Plenty: A Review

By Alisa Smith and JB MacKinnon

I recently finished reading Plenty, a book detailing one couple’s year-long challenge to eat nothing but foods grown (or raised) within 100 miles of their home in Vancouver. Dubbed the 100-mile Diet, their adventure sparked a movement that has people all over the world reconsidering what it means to really eat local food.

One of the most interesting things about the story is comparing my life and eating habits to the way they eat on the 100-mile diet. What would I have to give up? On the other hand, how many countless new foods would I be introduced to for the first time?

They talk about hundreds of types of apples, tomatoes and other heirloom fruits and vegetables. I can’t help but note the fact that I can count the different fruits and vegetables I eat on fingers and toes. What happened to the biodiversity of our food? Factory farming happened, that’s what. Farmers churn out what the people buy (or what the government will subsidize) and this has left us with some pretty slim pickings. Look around the grocery store. Doesn’t it feel a little off?

Another eye-opener for me was watching an 18-year veteran vegetarian slowly work meat back into his diet. The pair start out as vegetarians and end up eating their fair share of seafood and eventually beef. I don’t think I’d do that no matter how comfortable I was with the farming practices. They do, however, mention farmers who name all of their cattle, a rare sign of respect you won’t see on factory farms, or about other farmers who would slaughter their animals in their sleep in an attempt to lessen the animal’s trauma, or still others who said prayers for each slaughtered animal. Interesting.

Stew and I have already talked about taking on the 100-mile challenge, but we’re cheating and waiting for springtime, which, in the south, is pretty much a cake walk. Baby steps, y’all. Baby steps.

I’ve thought about what I wouldn’t have within 100 miles: olive oil, tofu, tempeh, grains of any kind (goodbye quinoa, rice [dear God, rice??],oats, etc.), sugar and so on. But if I learned anything from Alisa and James, it’s that a little persistence and a lot of patience will lead you to just about any crop you want. They even found wheat at the end of their year. Eight months without bread, pancakes, rolls and the like will lead you to bust out your extreme crop-finding skills, apparently.

So yes, we’re up for the challenge… once the sun is out and plants are growing again. Like I said, baby steps. Luckily, North Carolina is filled with vineyards.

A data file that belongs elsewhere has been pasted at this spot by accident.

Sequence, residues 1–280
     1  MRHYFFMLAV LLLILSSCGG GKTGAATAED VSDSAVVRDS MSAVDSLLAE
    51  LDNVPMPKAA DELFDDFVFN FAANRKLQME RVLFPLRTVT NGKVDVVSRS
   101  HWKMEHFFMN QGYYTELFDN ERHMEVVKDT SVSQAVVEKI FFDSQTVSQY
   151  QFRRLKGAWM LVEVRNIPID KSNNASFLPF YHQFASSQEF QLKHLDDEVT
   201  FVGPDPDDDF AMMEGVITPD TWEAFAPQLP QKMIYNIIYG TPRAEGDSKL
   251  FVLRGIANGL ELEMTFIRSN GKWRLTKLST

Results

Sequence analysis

10 thoughts on “Plenty: A Review

  1. Ha, I came on here to post about A,V,M but it seems others have beat me to it ;) I really want to check out Plenty now. I know being that hardcore about local eating isn’t for me, but I think it’s important to know where our food comes from and I know I probably never would’ve started shopping at my local farmer’s marker if it wasn’t for A,V,M. Like you said, baby steps!

  2. I third the recommendation for “Animal, Vegetable, Miracle”!

    Also, not knowing exactly where you live in SC, I can’t say for sure… but you *might* be less than 100 miles from Smiling Hara Tempeh ( in Asheville.
    Of course, maybe that wouldn’t count because although the tempeh is created there, I don’t know where the beans came from…
    There are so many layers to think about when eating local. I try to do it as much as possible, and also always have a kick-ass veggie garden come spring, but I still think it would be very difficult. Kudos to you for considering it! :)


  3. Well if you and Stew would even attempt this, I’d be impressed. Very interesting, I’ll have to check this and AVM out. Lynchburg and Charlottesville are totally surrounded by farms in this part of VA, so it might be possible for us… but still a serious challenge. I really do find that sad.

  4. I am currently reading “Locavore’s Handbook” by Leda Meredith, who did a similar experiment by eating only things produced within a 250-mile radius from her house in Brooklyn. It is really interesting and there are plenty of hands-on tips about how to follow something similar within a budget and an urban lifestyle.

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